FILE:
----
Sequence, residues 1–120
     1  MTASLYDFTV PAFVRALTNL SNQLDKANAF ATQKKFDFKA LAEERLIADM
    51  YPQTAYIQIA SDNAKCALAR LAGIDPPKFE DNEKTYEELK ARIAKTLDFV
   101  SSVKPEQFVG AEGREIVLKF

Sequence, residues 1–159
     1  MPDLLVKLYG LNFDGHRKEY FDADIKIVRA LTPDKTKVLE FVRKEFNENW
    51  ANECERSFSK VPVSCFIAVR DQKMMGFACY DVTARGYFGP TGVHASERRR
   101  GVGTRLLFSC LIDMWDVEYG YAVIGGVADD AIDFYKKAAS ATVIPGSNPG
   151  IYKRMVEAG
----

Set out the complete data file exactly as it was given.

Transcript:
Sequence, residues 1–120
     1  MTASLYDFTV PAFVRALTNL SNQLDKANAF ATQKKFDFKA LAEERLIADM
    51  YPQTAYIQIA SDNAKCALAR LAGIDPPKFE DNEKTYEELK ARIAKTLDFV
   101  SSVKPEQFVG AEGREIVLKF

Sequence, residues 1–159
     1  MPDLLVKLYG LNFDGHRKEY FDADIKIVRA LTPDKTKVLE FVRKEFNENW
    51  ANECERSFSK VPVSCFIAVR DQKMMGFACY DVTARGYFGP TGVHASERRR
   101  GVGTRLLFSC LIDMWDVEYG YAVIGGVADD AIDFYKKAAS ATVIPGSNPG
   151  IYKRMVEAG